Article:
Have you ever known two children that were born on or around the same day that have very different skills and abilities? Despite being roughly the same age, one may start walking at 9 months, for example, and the other may not start walking until 12 months. This slight difference is normal as every child has a unique pace of development and both fall within the standard timeframe for this milestone (between 9 and 15 months). However, when new skills do not emerge during the normally acceptable timeframes, the child may be developmentally delayed.
Developmental delays can occur from a number of things, some unpreventable, like inherited or genetic problems. Other causes of developmental delays however, are preventable. For example, undetected and untreated infection passed from a mother to her baby at birth; prolonged labor or other delivery room errors that cause birth trauma or birth asphyxia from lack of oxygen to the baby (hypoxic ischemic encephalopathy); or incorrect use of forceps or vacuum extractors during delivery. These situations may be considered medical malpractice.
Areas of child development
Developmental delays can range from mild to severe and fall into five basic areas:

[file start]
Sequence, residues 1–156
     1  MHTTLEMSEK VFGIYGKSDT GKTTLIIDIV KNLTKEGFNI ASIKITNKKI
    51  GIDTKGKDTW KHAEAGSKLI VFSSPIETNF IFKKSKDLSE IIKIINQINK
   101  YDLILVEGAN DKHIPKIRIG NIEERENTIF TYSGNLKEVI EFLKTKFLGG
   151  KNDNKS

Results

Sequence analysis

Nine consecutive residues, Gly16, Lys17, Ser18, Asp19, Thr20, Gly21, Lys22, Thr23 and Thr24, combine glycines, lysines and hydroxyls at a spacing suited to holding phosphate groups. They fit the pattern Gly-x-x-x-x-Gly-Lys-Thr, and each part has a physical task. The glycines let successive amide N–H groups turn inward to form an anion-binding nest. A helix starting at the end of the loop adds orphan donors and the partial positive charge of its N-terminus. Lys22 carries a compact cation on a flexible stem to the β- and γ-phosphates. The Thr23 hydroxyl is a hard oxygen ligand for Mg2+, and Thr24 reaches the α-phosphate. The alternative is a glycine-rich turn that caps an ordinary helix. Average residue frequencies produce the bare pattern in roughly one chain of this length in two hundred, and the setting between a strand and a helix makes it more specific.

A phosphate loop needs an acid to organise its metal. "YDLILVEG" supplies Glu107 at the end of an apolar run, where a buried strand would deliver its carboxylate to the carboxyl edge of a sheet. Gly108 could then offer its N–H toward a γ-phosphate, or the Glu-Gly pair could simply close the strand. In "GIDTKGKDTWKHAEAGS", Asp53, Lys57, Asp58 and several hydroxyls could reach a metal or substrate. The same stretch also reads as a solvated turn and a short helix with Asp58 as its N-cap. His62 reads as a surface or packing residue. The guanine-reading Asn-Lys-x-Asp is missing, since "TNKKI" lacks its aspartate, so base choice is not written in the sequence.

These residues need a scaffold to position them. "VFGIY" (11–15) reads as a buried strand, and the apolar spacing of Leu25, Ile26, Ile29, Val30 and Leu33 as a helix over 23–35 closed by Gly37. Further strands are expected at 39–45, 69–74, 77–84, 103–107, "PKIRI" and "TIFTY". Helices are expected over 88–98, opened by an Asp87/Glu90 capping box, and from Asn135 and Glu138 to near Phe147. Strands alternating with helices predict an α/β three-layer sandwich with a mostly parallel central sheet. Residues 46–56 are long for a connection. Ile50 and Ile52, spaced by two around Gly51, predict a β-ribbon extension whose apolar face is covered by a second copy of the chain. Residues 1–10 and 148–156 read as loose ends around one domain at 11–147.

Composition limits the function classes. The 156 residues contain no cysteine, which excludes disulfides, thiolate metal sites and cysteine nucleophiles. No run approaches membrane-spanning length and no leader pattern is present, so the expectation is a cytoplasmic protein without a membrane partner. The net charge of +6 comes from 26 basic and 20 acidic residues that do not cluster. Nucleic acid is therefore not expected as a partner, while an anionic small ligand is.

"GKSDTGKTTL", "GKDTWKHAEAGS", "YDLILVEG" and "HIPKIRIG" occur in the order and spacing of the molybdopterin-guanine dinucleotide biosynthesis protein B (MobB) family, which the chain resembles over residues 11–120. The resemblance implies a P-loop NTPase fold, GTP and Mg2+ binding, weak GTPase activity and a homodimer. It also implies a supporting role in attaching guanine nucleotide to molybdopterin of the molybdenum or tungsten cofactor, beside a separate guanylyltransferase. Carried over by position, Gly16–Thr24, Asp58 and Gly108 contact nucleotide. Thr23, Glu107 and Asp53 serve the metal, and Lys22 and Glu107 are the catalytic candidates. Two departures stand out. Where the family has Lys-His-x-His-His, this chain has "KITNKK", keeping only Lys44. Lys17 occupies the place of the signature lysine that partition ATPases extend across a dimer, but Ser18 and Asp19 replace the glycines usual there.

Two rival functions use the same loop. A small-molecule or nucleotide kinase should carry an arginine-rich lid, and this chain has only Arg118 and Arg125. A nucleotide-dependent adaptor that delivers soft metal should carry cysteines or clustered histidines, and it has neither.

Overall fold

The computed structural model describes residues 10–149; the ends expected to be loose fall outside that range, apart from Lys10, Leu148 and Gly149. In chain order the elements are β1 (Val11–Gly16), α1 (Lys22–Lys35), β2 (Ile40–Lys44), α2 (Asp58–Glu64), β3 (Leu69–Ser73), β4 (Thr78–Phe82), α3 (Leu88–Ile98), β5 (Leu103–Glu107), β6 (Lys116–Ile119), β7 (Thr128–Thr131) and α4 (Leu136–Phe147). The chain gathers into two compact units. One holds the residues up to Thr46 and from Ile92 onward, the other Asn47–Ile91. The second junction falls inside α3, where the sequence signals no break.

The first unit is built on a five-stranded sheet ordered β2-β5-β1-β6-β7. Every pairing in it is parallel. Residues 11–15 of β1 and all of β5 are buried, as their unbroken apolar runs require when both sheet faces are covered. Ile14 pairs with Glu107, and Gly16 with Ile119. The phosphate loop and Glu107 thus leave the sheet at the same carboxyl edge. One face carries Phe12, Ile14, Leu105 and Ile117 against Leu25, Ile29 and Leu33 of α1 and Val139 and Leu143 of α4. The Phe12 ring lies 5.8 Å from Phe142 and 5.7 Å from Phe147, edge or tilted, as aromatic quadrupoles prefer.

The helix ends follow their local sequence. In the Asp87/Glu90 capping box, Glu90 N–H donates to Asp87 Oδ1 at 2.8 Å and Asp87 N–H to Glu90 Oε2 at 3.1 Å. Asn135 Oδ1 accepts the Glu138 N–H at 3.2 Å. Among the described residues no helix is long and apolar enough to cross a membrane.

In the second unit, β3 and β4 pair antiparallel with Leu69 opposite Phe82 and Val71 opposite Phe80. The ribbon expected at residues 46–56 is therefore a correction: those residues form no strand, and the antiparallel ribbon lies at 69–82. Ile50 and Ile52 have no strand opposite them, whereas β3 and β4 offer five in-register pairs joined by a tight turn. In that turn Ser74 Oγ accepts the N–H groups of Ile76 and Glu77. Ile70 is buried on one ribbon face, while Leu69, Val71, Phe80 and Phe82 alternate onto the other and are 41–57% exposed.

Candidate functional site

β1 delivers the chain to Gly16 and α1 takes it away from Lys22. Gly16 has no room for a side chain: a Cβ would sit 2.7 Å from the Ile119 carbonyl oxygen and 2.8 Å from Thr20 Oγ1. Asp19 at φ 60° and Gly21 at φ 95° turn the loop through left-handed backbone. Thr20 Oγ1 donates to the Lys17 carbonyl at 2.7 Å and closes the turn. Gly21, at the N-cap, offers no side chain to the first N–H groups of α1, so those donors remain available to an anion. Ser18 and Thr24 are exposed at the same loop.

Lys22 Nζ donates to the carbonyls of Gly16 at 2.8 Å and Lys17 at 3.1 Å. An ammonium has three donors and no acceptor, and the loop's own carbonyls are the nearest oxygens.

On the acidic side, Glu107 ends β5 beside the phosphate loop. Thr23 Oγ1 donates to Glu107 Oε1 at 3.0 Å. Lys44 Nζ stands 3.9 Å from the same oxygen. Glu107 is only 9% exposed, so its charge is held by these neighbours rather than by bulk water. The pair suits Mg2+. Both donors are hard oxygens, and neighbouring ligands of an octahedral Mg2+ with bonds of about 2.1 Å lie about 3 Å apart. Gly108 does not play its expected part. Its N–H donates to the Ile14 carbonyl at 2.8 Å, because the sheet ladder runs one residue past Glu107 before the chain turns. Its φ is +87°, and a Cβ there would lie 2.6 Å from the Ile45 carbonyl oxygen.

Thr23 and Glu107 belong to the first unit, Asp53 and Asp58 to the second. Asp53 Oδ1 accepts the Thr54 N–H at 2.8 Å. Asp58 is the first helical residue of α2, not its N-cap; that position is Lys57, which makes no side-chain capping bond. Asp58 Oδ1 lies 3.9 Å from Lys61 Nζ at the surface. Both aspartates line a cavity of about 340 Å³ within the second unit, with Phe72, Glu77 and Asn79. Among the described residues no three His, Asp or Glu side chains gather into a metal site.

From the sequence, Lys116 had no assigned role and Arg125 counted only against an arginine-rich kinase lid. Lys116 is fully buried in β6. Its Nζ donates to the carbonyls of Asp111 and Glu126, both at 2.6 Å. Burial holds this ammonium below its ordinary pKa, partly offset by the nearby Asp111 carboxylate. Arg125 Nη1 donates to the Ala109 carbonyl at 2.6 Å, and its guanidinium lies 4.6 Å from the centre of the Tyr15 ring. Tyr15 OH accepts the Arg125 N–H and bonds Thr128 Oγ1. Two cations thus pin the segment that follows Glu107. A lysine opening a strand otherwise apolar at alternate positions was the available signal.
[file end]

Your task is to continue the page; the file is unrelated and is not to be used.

TABLE: The 5 Areas of Child Development
Delays can occur in all five of these areas or just one or some. Because each area is related to the others, if there is delay in one it’s likely there will be some delay in other areas as well. For example, if there is a delay in language skills, a problem in cognitive development may coexist. Pediatricians and specialists conduct screening tests and in-depth evaluations to diagnose delays.
Causes of developmental delays
It is estimated that about 10% of all infants through preschool aged children are developmentally delayed. The causes are typically categorized as genetic or environmental.
· Genetic causes are inherited from the biological parents. These delays stem from genetic or chromosomal abnormalities like Down’s Syndrome and account for roughly 15-25% of developmental disorders.
· Environmental risks account for the vast majority of developmental delays – about 75-85% -- and include:
– exposure to toxins like drugs or lead
– infections such as Group B strep or herpes simplex virus that can be passed from the mother to the baby before or during birth causing meningitis or encephalitis
– premature birth
– poor maternal nutrition
In many cases, developmental delays are accompanied by, or are a result of, another disability such as cerebral palsy.
Help for developmentally delayed children
Often, developmental delays are a result of a doctor or other healthcare provider’s negligence and could have been prevented. If your child has been diagnosed with developmental delays – with or without other disabilities – a review of medical records can determine whether negligence played a role in causing your child’s problems. Call Reiter & Walsh ABC Law Centers in Detroit, MI for a free case evaluation. We specialize in birth injury cases and can help you obtain the compensation your child deserves.